Complaints against police

One set of figures illustrates the impunity with which civil servants can break the law. According to the National Crime Records Bureau’s annual report Crime in India 2007, between 2003 and 2007 citizens filed 282, 384 complaints of human rights abuses against the police. Of these only 79,000 were investigated; only 1,070 policemen were brought to trial and only 264 — less than one in a thousand — were convicted. All but a handful stayed on at their posts, free to wreak vengeance on those who had dared to complain against them. It is therefore a safe bet that the actual number of such abuses is at least 10 times the number reported. It helps to explain why a girl who filed a complaint of rape with the police in Lucknow about two months ago was raped by the Station House Officer, then repeatedly by the investigating officer, but could not muster the courage to get the latter caught, and report the former till she felt empowered by the protests in Delhi.

The Constituent Assembly lifted Article 311 almost verbatim from a clause in the Government of India Act 1935 whose purpose was to protect British civil servants, notably the police, from incessant harassment by sharp-witted Congress lawyers. But the 1935 Act did not put the civil servant above the law. This was because he could be held accountable, as Edmund Burke had shown, by the British Parliament. In independent India, however, this restraint was destroyed by the progressive corruption, and criminalisation, of the political class that it now serves.

The root cause of both is the lack of any provision in the Constitution for the financing of elections. In Britain where the average constituency covers 380 square kilometres and has around 60,000 voters this is a nuisance. In India where the parliamentary constituency covers 6,000 sq km and holds 1.3 million voters it has proved a catastrophe.

In the 1950s, the need for funds was met to a large extent by the rising industrial class and by the Princes. But when these two began to desert the Congress in favour of the Swatantra Party and the Jana Sangh in the 1960s, Indira Gandhi banned company donations to political parties and abolished the privy purses. After that the only way in which political parties could stay in the game was to break the law.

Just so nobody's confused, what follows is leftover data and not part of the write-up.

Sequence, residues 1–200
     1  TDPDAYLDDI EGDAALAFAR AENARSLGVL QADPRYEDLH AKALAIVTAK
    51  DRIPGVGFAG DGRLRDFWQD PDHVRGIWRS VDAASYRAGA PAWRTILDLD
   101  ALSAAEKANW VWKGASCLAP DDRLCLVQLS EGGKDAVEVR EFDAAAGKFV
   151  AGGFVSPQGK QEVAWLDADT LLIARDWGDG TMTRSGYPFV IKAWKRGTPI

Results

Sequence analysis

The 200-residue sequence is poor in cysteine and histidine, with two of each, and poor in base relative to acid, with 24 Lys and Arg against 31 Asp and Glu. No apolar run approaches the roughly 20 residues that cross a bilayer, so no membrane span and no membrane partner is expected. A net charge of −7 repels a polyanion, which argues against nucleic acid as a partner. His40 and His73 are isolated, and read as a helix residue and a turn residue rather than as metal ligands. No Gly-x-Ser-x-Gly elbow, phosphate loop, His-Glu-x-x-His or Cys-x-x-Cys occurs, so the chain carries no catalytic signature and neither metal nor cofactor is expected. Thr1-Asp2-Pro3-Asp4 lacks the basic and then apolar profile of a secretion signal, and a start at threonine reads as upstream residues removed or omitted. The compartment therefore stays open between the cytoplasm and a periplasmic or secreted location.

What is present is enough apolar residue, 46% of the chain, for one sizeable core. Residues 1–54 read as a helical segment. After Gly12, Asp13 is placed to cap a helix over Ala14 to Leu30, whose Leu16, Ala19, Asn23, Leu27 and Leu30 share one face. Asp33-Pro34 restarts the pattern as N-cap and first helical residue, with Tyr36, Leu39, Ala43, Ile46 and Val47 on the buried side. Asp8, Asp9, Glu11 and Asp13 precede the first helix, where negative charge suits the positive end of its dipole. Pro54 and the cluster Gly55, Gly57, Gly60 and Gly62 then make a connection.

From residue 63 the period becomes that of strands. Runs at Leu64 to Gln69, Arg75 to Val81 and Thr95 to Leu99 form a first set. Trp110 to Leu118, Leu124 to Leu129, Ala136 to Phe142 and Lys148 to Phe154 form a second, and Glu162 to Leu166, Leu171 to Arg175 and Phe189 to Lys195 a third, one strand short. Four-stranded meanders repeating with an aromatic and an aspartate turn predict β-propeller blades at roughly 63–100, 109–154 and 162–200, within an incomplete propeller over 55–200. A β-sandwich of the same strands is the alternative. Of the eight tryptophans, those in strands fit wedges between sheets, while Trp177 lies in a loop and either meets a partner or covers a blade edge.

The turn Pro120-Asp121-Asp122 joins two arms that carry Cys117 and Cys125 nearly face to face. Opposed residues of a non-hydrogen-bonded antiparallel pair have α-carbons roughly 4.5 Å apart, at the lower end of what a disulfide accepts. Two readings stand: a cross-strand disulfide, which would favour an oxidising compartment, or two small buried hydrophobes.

Over the ensuing decades, two sets of predatory networks have developed to finance, or otherwise influence, elections. The first is of criminals who provide the muscle to intimidate voters; the second is of local money-bags and power-brokers who rally support for candidates belonging to one or the other party in exchange for favours when it comes to power.

As these have become more entrenched, they have virtually eliminated intra-party democracy at the grass roots and progressively reduced the number of constituencies in which State and Central party leaders can bring in fresh candidates chosen on the basis of merit. In the current Parliament, for instance, at the last count 159 MPs had criminal charges pending against them. Another 156 are second generation ‘princelings’ whose parents established the clientelist networks that now serve them. The State Assemblies are even more closed to new aspirants: 44 per cent of the MLAs in Bihar, 35 per cent in West Bengal and 30 per cent in Gujarat face criminal charges. The proportion of ‘pocket boroughs’ is also higher in the States than at the Centre.

Predatory state

The perennial need for money lies at the roots of the predatory state that India has become. Today, its ruling class consists of corrupt politicians who are served by an extortionate bureaucracy and police that are shielded from public wrath by nothing less than the Constitution of India.

In earlier decades, people’s anger was held in check by their faith in the democratic system. They therefore gave vent to their demand for accountability in the state by turning out to vote in ever larger numbers and regularly overthrowing incumbent governments. Only in recent years has it begun to dawn on them that democracy has become a part of the problem and cannot therefore be part of the solution. The protest is therefore moving closer to the borders of revolt. This has been apparent in the Maoist uprising that began in 2005, and has driven the state out of large parts of 83 districts in the country.

The Anna movement last year was another turning point because it was the first time that the urban middle class took to the streets. December’s mass protests in Delhi were the second time. History teaches us that this is the point at which the state usually begins to crumble. Were this to happen in India, it would not lead to the emergence of a more just and accountable Indian state but to its disintegration.

There is still time for our Central and State leaders to remember that no society that has lost its sense of justice, and, therefore, its moral legitimacy, has survived for long. But they are beginning to run out of it.

(The writer is a senior journalist)

[courtesy : "The Hindu", 15.01.2013}

Category :- English Bazaar Patrika / Features